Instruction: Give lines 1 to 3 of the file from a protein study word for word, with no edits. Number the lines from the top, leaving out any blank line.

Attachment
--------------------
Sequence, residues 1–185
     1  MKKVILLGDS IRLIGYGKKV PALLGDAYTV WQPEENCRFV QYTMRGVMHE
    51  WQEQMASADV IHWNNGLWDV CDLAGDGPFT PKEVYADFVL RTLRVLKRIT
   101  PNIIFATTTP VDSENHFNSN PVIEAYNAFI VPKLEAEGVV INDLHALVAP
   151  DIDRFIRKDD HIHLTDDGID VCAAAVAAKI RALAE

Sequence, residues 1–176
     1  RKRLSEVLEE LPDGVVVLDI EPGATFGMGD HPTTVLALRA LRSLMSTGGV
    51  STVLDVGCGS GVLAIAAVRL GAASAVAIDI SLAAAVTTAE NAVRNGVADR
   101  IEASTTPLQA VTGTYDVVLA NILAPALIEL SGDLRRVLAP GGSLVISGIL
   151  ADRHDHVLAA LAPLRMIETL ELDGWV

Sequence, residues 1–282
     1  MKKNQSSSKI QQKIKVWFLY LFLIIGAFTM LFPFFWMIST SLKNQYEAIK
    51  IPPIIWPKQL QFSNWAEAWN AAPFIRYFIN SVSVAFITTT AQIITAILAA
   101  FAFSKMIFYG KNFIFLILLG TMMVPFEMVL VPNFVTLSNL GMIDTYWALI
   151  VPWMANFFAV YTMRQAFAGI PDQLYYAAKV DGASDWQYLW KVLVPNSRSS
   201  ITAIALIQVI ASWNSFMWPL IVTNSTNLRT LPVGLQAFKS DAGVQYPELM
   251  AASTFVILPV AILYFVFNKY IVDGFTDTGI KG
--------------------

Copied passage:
Sequence, residues 1–185
     1  MKKVILLGDS IRLIGYGKKV PALLGDAYTV WQPEENCRFV QYTMRGVMHE
    51  WQEQMASADV IHWNNGLWDV CDLAGDGPFT PKEVYADFVL RTLRVLKRIT